Last week, a German man’s finger was caught in an animals when he trying to rescue two of his dogs that were got caught in the traps in the mountains near his home. He later found a total of nine traps in the area.

Two weeks ago, an Animals Taiwan volunteer found over 25 small sized dogs and puppies all cooped up in a man’s backyard in Taipei. All the voice cords of the dogs were slashed.

As cruel as these stories may sound, they pale in comparison to the child abuse deaths cases reported in Taiwan recently.

In Changhua, an alcoholic and abusive man threw his 1o-months old daughter into a pot of boiling water during a heated argument with his girlfriend, the girl’s mother. The mom said she didn’t notice her daughter was being literally cooked alive until she stirred the noodles in the pot. The girl died of multiple organ failure four day later. My question is, why didn’t the mother leave this man who was chronically abusive? I believe she also needs to shoulder the blame of her daughter’s tragic ending.

On the same day, a two-year old girl was beaten to death by her father who struck the toddler repeatedly with a broomstick. He said he had to punish his disobedient daughter who disregarded his word when she played with water the day before. I hold a master’s in education and never have I heard a case where a two-year old obeyed his or her parents 100 percent of the time.

It is an absolute irony that government is encouraging more people to have kids when they fail completely in providing adequate protection for the little ones. So here is my advice to you President Ma, stop spending money on your jogging shorts and hair grease and start pouring money into child welfare. Instead of investing more in China, start caring for the children of this country. After all, they are the future of Taiwan. One more note to Mr. Ma, adopting ONE stray dog is good, but crying out loud, you are the PRESIDENT, can’t you come up with a policy to put an end to these puppy mills?

Apr 3, 2009

Taiwan's 3 D's: Despair, Disappointment, Disillusion

It takes a lot for me to shed tears. But today I wept for a stranger whom I met for less than 30 seconds.

The man I cried over was no heart throb or brilliant artist. Rather, he was a slightly humpbacked man in a holey white shirt and dirt-stained flip-flops. Standing in front of the National Taiwan University Hospital, his sun slashed face had deep despair oozing from the crevices of his wrinkles. His brownish callous hands, shaking, were holding an oversized manila envelope.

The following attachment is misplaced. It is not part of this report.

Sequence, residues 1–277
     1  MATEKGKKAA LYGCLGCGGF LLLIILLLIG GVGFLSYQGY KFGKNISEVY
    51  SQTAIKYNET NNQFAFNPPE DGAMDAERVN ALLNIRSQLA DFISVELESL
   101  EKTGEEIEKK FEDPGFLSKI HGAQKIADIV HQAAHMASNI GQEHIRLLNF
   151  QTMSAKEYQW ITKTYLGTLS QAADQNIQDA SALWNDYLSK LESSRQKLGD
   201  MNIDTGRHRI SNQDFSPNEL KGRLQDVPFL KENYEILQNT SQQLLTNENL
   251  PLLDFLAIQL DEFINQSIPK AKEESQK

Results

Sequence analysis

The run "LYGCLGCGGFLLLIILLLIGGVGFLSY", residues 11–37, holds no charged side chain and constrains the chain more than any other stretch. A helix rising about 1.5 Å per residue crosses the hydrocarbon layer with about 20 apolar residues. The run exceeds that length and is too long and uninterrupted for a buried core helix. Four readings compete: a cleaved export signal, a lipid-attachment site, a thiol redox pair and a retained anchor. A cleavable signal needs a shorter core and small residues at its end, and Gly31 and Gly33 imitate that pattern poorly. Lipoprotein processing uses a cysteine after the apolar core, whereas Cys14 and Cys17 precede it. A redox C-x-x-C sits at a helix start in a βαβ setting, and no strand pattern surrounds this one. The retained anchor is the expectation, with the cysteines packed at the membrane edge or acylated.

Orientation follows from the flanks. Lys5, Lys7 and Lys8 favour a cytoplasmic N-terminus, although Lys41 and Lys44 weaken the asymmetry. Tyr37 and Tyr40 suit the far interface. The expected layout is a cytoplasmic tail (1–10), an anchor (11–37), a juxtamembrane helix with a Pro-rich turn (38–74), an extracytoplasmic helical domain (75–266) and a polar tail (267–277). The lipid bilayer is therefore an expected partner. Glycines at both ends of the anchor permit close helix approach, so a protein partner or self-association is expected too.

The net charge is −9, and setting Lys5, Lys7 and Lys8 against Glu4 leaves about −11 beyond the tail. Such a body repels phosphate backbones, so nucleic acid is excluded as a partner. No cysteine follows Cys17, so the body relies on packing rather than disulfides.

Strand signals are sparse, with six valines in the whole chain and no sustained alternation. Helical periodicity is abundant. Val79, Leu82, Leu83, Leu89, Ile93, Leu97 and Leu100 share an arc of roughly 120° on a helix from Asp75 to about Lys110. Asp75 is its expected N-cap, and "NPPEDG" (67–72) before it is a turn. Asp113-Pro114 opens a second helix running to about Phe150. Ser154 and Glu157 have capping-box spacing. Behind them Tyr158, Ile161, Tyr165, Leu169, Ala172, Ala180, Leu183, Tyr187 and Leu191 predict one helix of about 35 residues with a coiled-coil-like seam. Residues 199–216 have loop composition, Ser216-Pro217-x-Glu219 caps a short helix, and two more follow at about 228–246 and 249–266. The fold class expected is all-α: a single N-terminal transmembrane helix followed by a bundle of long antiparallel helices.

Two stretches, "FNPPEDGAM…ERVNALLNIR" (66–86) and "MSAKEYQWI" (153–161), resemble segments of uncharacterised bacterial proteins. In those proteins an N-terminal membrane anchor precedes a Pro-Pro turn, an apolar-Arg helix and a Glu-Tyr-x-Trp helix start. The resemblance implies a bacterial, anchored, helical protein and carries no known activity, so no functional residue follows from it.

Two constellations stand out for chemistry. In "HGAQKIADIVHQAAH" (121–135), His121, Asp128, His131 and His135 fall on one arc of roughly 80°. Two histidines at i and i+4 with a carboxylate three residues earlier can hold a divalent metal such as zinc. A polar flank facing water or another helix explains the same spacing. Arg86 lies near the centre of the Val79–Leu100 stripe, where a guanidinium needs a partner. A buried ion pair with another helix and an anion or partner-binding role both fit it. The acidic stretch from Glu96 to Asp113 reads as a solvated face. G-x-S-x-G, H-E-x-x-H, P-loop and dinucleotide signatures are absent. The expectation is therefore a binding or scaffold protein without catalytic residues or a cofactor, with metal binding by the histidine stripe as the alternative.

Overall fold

At first, I walked past him without a second thought. But each step I walked away from him, my heart wanted to take two steps back toward to him.

“Hey, is everything ok?” I asked in Taiwanese, thinking the man would just ignore me and find me a nuance.

But to my surprise, he answered.

“Wife dying and I have no money,” he said with a quiver while looking up to the sky as if he believed saying it out loud would somehow persuade Hades to spare his wife.

It was me that was lost for words. Come on, what do you say to a mere stranger whose wife was dying and had no money to pay for the medical bill? Unless I had a million dollar to give to him or the touch of Nurse Nightingale to heal his beloved, it seemed like nothing I said would have been appropriate.

Looking at the man, I couldn’t help but to wonder why, in a country like developed country Taiwan, do we still people who see death as their only option when faced with a complicated disease? Why would anybody be concerned about not having enough money for medical care?

As I was walking towards the foreign ministry, my eyes fell upon a shiny well-polished black Mercedes Benz with a foreign country flag sticking out by its right headlight glistening under the sun. Inside the multi-milion NT-dollar machine, sat a Taiwanese chauffer.

Then another thought popped in my head…what if instead of giving foreign diplomats outrageous expensive cars (yes, plural) and lavish mansions, why not give them functional normal-priced cars and inject that money into the cash-strapped National Health Insurance Bureau or the struggling charities? Why keep showering the corrupted governments with gold bars when we have people who beg to go behind bars because that’s their only guarantee for a decent meal? The disparity is heartbreaking, and frankly disgusting.

Next to the foreign ministry is the Presidential Office in which sits a man whom I helped to get elected. Yes, I voted for Ma Ying-jeou…but now I see how delusional and demented I was to think he would be the man to bring tranquility and peace to Taiwan. Little did I know he defines the word “peace” as sans justice, equality, dignity, and freedom. At the moment in Taiwan, the delight of a few is established upon the despair and disappointment of millions…Ma, do you hear the indignation of the people, or are the lies of Beijing so deafening that you have lost the ability to listen?

Mar 30, 2009

My very own slice of heaven on earth